Many comments on social media point out that there are so many cases of PMA graduates getting involved in scandals. The honor code apparently did not work with them.



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    1. Gregorio Reyes on

      Those cadets who voted him for lying and the one who distorted his decision and change the latter for unanimous decision should be expelled and should haven’t been allowed to graduate. We will be again expecting future Gen. Angelo Reyes, Gregorio Honasan and all other distorded produce who were involved in deep corruption from this batch. Good luck to all of us. “Siklab DIwa – Kaming Kawawa” Lying is not allowed in PMA but Corrupttion is strongly practiced.

    2. hahaha! it’s funny but they are either hypocrite or just plain dumb. EVERYONE lies!Even 5 yrs old does now adays.kakaloka! Infact PMA produce some of the most EFFECTIVE liars in this century!What, with all the corruption involving military officials of which most( if not all) are PMA graduates! What ever mistakes Cudia committed, I dont think he desrves this HYPOCRISY that some PMA officials are showing him.They should give him his diploma because he deserve it and let this boy go on with his life. He is an intelligent boy, I am sure something good & promising will come out in the future.

    3. I would like to speak up for Cadet Cudia. There are many ways that PMAers can prove that they don’t lie, cheat, steal or tolerate wrong among others. So many officials lie, steal and cheat but they have been tolerating them, even bowing down to them. Our country is in such a bad state under very dirty politicians because the PMAers failed to uphold the honor code. And now we see why this is so. They zero in on the mundane but fail to look to the bigger picture. Like some leaders we know, they emphasize on semantics and rhetorics, but fail miserably on their actions. I wish you a better future where you could show them what true honor and valor mean.

    4. Sen. Osmena is correct in describing Pnoy as a good and honest man, but an awful manager. Had he bravely pardoned Cudia for whatever commission or omission he had done, Pnoy could have had earned the “respect” he had lost in mishandling the Yolanda relief operations. The PMAers Generals who openly defended the full application of the HONOR Code against Cudia… are hypocrites, themselves. Said Code provides: “We do not lie, cheat or steal, or tolerate others among us who do.”

      Is this code being observed only inside the PMA compound? How about the case of Gen. Garcia who admitted to have amassed P300M and promised to return P130M in exchange for the dropping of the Plunder Case? Of Gen. Ligot? Of Col. Rabosa who admitted to have pocketed money for effectively implementing the PABAON and/ or PASALUGONG to AFP Chief of Staffs? or the Euro Generals? They are all PMAers and now… where is their Honor Code as compared to the harsh punishment imposed on PMA Cadet Cudia?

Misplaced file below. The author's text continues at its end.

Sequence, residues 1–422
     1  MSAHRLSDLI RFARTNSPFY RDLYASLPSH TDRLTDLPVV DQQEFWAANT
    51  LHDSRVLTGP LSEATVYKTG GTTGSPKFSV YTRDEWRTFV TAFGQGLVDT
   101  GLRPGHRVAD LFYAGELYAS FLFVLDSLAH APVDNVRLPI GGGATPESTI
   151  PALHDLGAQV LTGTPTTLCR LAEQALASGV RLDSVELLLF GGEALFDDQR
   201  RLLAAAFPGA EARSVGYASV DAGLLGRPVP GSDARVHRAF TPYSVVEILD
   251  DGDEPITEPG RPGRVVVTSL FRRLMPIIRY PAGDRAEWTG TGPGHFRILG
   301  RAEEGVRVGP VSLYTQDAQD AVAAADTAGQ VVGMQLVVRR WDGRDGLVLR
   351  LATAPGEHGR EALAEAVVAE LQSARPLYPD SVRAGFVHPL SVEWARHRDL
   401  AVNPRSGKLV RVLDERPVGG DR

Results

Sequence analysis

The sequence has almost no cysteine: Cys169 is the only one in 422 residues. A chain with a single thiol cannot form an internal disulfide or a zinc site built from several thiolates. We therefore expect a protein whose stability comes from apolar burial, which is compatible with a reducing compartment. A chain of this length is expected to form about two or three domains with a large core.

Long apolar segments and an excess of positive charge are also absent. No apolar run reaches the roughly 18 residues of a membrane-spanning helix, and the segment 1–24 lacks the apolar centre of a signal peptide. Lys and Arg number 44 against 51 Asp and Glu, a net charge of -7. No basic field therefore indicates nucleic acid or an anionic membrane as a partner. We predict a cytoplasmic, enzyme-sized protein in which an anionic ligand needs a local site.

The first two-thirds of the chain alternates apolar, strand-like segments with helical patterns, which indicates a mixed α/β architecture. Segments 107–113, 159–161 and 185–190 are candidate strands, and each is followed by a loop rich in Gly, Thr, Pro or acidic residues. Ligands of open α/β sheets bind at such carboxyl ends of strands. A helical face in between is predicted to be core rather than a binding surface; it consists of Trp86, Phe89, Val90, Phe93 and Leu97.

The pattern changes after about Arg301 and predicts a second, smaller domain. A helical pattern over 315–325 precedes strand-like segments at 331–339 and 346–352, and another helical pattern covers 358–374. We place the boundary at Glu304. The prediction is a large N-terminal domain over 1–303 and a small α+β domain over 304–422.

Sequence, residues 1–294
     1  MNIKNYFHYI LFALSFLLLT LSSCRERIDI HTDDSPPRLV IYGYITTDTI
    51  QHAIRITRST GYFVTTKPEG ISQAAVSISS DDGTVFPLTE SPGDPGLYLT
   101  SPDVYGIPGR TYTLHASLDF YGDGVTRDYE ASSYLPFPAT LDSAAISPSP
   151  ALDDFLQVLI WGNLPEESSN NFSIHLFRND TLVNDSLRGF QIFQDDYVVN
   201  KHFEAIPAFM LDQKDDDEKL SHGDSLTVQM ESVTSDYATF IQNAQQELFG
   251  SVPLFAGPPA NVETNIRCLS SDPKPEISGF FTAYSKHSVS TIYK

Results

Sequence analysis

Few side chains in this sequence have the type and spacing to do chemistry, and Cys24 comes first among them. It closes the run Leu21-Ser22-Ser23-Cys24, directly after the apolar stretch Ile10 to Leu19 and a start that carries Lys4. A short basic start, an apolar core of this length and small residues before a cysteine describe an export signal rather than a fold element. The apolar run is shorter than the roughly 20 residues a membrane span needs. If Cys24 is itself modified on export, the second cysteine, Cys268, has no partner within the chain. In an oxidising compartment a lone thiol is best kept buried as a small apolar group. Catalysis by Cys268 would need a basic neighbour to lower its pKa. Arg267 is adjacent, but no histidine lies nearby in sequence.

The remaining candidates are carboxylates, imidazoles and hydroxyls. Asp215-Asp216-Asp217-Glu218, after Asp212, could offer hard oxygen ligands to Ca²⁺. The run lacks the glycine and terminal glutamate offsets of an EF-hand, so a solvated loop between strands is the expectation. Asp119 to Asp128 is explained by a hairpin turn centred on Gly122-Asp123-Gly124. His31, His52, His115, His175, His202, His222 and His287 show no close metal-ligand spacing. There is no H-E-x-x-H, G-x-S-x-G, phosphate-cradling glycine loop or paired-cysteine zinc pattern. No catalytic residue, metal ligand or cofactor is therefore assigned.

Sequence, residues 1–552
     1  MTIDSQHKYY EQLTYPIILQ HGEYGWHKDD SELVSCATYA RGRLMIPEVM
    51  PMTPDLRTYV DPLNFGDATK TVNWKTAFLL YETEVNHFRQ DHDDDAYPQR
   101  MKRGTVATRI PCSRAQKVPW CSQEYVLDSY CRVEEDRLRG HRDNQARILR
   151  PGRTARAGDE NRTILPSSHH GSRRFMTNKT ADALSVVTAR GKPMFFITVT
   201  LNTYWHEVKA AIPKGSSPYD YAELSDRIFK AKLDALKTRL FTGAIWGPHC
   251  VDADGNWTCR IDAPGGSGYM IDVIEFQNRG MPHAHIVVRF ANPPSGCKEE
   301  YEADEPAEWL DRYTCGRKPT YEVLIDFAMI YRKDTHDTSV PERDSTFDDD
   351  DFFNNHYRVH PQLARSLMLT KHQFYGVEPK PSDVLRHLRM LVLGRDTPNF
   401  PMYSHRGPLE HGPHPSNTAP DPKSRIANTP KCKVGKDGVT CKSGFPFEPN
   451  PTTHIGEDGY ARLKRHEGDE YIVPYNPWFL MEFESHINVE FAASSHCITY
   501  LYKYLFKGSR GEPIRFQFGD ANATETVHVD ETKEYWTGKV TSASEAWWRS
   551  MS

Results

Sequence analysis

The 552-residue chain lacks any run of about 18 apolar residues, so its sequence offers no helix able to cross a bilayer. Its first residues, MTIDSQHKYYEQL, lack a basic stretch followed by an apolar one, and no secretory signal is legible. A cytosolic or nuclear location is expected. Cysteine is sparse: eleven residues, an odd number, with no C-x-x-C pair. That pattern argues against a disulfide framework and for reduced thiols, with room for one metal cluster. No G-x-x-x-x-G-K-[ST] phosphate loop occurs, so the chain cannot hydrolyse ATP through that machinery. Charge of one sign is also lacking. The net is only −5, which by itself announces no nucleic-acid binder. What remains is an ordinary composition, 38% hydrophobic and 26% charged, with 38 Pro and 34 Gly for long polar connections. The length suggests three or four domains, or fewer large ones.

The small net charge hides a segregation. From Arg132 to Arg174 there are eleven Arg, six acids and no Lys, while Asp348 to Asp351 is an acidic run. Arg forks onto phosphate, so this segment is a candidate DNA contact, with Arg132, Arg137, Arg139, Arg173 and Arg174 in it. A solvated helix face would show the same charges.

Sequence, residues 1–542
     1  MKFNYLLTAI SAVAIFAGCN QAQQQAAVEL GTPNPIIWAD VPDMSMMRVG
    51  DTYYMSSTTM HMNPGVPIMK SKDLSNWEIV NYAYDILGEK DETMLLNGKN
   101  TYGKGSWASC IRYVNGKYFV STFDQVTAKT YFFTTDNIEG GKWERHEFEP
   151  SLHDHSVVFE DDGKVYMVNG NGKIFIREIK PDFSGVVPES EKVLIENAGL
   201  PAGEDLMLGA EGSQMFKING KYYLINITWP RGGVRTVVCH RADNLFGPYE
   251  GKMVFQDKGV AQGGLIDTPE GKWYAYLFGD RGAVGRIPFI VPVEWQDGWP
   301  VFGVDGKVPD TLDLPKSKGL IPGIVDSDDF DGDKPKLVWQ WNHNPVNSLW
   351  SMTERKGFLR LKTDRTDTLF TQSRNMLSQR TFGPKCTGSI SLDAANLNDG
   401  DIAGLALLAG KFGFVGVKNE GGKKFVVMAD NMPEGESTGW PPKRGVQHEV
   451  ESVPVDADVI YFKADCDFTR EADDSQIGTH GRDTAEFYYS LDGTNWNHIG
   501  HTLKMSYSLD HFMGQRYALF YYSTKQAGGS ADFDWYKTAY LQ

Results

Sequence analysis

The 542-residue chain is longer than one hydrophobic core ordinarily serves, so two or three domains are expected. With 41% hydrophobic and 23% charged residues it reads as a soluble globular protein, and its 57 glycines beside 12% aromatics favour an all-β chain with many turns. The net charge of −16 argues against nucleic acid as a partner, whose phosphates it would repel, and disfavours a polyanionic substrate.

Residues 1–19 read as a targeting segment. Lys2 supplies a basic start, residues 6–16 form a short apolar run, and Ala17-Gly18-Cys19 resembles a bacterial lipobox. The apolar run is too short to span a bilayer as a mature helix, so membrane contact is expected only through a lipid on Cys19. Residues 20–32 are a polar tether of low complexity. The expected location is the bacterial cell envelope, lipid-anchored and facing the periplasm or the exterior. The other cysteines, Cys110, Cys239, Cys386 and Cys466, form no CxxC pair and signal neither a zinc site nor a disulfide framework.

If I were Pnoy, I would apply the action taken by Pres. Abraham Lincoln to Private William Scott, who was caught SLEEPING WHILE ON DUTY as a Sentinel. When he was about to be shot by firing squad, Pres. Lincoln pardoned him and ordered him to return to his mother unit. Later on, he died a HERO.

    5. Raymond Stenhouse on

      Wouldn’t it be nice If the Leaders, Senate, Lawmakers and Government Officials had a code of Ethics like the Military Academy. I would say the Filipino people would be a lot better off and handle calamities a lot better.

    6. In Philippine Justice System the”Barabbases” will go scot free, and the innocents like Christ will be put to death, if not jailed for life. And speaking of lies, willful and deceptive ones, are so often served on the table of our political leaders and magistrates to feast on. But there are lies that God condones like the one concocted by Jacob with the help of his mother, Rebecca; the ones the Mexican Jesuit martyr, Bl. Fr. Pro, who had helped escaped from the unjust punishment or death from the hands of the vicious leader of that ignominious period in Mexican history. If we, Filipinos, will continue to keep our jellyfish-stance and not let our voices be heard, or allow the pens of our courageous and heroic writers of MT run dry, so help us, God!

    7. I am surprised that no one has mentioned the obvious, that there is a big backstory here involving this cadet. I don’t know what that is, but I’ve been assured by more than one active or retired officer that the story at face value (i.e., he was expelled for a relatively minor offense) does not make sense, and isn’t the sort of thing that ordinarily happens.

    8. Siony Camacho Bana on

      Good article it’s very informative and hopefully many young generation will have a chance to read what they need to know.

    9. Joseph Padre on

      Someone once said, “Let he who is without sin cast the first stone.” So President Aquino, the purest of the pure in the Philippine government casted for all the stone that sealed the dismissal of Algrin Cudia because he was late for 2 minutes. OMG lie about 2 minutes and destroy Cudia’s future? Well he lied. What can you do? Never mind that the former chief justice of the supreme court was impeached on the strength of billions of DAP money disbursed. Never mind that the national government watched typhoon Yolanda demolished the lives of people who once supported the political enemy of the pure president. Did President Aquino lie? Well it can be argued, NO! Was he dishonest? Yes, and the dishonesty was billions worse that the lie about 2 minutes.
      typhon Yolanda allowed to destroy people who supported a political enemy of the pure president

    10. When a woman caught in the act of adultery the Pharisees dragged her before Jesus. They asked him to validate the law of Moses to stone the woman to death. We know how Jesus answered. Sounds similar in form to Cudia’s case, different in gravity, different in response of persons of authority, but similar in attitude of the people who brought the infraction for punishment. In the first love triumph, in the second cry for blood prevailed.
      Truth without charity is the truth of satan asking Jesus to jump from the temple top because he will get hurt, being the son of God. It is the truth of the Pharisee to let his sheep die in the pit and do nothing about it because it is Sabbath. This called legalism.

    11. Abnoy’s definitoin of honesty is certainly different to what the Bible says or a decent human being will practice.